Facebook is planning on integrating its three popular messaging services – Instagram, WhatsApp and Facebook Messenger – so that they work closer together.
According to a report in the New York Times, Facebook’s chief executive, Mark Zuckerberg, has ordered developers to rebuild the three services “at their most basic levels.”
The good news is that this doesn’t mean that the three services will get merged into one single messaging service, but instead their underlying messaging infrastructures will be unified, potentially allowing messages sent using one service to be read on another.
The move will require all the apps to use end-to-end encryption, which is a security measure used in WhatsApp to ensure that people outside of conversations cannot read private messages.
Don’t shoot the messenger
While at first this news could be worrying – especially to people who have been wary about using Facebook but still want to use WhatsApp and Instagram after the social network took them over – it might not be all that bad.
For a start, it doesn’t look like Facebook is planning to completely merge the services (for now at least). Spreading end-to-end encryption to the other messaging services is also a welcome move.
Plus, it means that someone using Facebook Messenger could potentially send a message to a friend on WhatsApp without the friend having to have a Facebook account.
Still, according to the New York Times, this move has prompted controversy within Facebook, with Instagram’s founders, Kevin Systrom and Mike Krieger quitting last year apparently because of Zuckerberg’s increased control over the service.
WhatsApp’s founders, Jan Koum and Brian Acton also left Facebook, again apparently due to similar concerns.
A change of plan
The news that Facebook will be closely integrating the three services is certainly a change in how the company previously dealt with the separate platforms.
Previously, Facebook was careful to keep the services independent from each other, with Zuckerberg assuring users of WhatsApp and Instagram that the services would remain autonomous.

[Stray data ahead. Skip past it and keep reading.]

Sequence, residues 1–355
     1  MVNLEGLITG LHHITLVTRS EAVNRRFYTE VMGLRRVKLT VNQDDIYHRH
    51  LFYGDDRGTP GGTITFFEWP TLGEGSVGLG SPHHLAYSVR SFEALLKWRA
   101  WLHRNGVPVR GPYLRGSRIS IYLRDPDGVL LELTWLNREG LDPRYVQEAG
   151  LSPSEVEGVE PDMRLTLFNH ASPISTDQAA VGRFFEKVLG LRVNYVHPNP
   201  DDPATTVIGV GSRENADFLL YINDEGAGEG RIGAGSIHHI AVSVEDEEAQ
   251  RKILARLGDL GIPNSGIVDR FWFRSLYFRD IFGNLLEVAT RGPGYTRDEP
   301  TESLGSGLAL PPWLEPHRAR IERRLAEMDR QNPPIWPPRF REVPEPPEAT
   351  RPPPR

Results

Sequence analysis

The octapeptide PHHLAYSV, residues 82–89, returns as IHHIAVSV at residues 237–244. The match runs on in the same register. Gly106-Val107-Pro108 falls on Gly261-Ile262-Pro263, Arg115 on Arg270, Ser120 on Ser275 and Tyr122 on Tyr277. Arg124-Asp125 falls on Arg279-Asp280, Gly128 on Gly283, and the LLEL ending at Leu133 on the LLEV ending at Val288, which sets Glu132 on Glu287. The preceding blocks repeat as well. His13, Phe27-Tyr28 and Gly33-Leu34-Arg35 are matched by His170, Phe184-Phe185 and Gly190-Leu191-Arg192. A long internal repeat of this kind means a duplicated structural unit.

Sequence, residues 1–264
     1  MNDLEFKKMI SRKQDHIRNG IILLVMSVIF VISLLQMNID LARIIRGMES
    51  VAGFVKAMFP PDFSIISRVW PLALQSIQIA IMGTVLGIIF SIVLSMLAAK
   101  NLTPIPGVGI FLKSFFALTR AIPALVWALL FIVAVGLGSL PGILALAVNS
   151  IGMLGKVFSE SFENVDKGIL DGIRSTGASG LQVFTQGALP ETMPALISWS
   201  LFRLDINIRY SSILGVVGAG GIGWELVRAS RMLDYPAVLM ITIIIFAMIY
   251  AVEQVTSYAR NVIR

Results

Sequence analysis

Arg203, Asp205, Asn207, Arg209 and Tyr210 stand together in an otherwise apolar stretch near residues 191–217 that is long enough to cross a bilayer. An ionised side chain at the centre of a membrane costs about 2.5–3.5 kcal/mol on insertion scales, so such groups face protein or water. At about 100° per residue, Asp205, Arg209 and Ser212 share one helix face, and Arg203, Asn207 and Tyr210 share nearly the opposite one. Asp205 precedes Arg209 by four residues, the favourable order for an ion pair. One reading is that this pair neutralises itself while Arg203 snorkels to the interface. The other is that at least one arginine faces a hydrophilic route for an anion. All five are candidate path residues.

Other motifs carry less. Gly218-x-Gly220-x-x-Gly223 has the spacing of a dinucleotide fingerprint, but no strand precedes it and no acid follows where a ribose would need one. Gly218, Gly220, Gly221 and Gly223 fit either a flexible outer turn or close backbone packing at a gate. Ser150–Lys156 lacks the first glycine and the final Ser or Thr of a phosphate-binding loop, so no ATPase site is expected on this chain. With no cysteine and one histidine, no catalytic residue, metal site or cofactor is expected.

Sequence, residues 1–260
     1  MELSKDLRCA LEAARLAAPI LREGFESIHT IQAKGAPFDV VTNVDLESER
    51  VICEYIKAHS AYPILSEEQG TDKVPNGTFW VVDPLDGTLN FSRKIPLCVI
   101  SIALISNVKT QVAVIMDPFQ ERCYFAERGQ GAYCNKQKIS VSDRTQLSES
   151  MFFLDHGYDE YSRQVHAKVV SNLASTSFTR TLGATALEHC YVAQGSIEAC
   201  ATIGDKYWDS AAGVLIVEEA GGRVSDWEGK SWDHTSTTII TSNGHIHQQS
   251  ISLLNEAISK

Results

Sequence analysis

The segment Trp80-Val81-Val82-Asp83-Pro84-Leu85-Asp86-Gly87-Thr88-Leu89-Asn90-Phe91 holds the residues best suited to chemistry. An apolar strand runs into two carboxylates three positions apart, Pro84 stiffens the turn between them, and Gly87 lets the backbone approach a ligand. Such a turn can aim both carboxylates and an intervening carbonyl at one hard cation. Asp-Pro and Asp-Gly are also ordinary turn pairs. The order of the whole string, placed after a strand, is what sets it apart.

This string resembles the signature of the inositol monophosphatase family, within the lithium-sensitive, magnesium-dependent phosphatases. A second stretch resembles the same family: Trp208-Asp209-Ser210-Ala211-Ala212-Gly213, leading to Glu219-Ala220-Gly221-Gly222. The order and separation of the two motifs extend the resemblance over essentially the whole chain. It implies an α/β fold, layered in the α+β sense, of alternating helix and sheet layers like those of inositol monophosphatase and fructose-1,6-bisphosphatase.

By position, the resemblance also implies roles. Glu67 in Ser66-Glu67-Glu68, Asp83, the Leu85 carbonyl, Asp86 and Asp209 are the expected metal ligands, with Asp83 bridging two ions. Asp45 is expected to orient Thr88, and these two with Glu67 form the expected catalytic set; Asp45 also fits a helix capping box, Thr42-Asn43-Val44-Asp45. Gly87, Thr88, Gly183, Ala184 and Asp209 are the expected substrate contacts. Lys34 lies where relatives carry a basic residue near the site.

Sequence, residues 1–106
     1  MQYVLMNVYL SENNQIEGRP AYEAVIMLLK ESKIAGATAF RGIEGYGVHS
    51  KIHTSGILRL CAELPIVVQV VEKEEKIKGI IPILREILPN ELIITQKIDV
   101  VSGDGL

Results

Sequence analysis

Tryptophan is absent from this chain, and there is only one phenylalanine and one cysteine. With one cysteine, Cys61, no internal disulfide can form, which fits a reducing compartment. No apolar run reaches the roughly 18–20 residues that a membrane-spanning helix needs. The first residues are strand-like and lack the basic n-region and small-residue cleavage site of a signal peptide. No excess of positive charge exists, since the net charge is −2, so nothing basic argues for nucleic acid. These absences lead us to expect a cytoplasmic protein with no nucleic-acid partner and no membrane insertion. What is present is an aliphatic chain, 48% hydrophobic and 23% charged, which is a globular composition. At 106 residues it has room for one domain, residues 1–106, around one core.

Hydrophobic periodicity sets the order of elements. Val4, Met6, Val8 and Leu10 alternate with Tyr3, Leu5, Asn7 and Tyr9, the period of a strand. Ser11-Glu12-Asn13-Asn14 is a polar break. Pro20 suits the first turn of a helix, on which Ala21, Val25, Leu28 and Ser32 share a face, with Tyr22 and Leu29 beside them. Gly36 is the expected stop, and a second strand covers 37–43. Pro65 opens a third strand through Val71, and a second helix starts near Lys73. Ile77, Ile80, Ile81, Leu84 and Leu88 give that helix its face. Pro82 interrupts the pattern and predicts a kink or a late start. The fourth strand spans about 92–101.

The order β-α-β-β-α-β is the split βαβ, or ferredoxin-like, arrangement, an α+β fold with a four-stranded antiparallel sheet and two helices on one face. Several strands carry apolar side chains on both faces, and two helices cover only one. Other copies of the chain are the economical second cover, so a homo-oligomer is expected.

With scandals piling up for Facebook, that autonomy was increasingly important to many of the users. However, they could also be the reason for Zuckerberg wanting to combine the various services his company runs, while taking on more control over them.
Whatever the reasons, the process is likely to take its time, with the New York Times suggesting that Facebook is in the early stages of the process, and that it will likely complete the integration by the end of this year, or by early 2020.
Facebook has also confirmed to the BBC that this is just the start of a “long process”.
When TechRadar reached out for comment, a Facebook spokesperson told us: “We want to build the best messaging experiences we can; and people want messaging to be fast, simple, reliable and private. We're working on making more of our messaging products end-to-end encrypted and considering ways to make it easier to reach friends and family across networks. As you would expect, there is a lot of discussion and debate as we begin the long process of figuring out all the details of how this will work.”
So, for anyone who uses WhatsApp and Instagram but doesn’t like Facebook, we wouldn’t be too worried just yet.
- Just in case, here’s how to delete Facebook
Sign up for Black Friday email alerts!
Get the hottest deals available in your inbox plus news, reviews, opinion, analysis and more from the TechRadar team.
Matt is TechRadar's Managing Editor for Core Tech, looking after computing and mobile technology. Having written for a number of publications such as PC Plus, PC Format, T3 and Linux Format, there's no aspect of technology that Matt isn't passionate about, especially computing and PC gaming. Ever since he got an Amiga A500+ for Christmas in 1991, he's loved using (and playing on) computers, and will talk endlessly about how The Secret of Monkey Island is the best game ever made.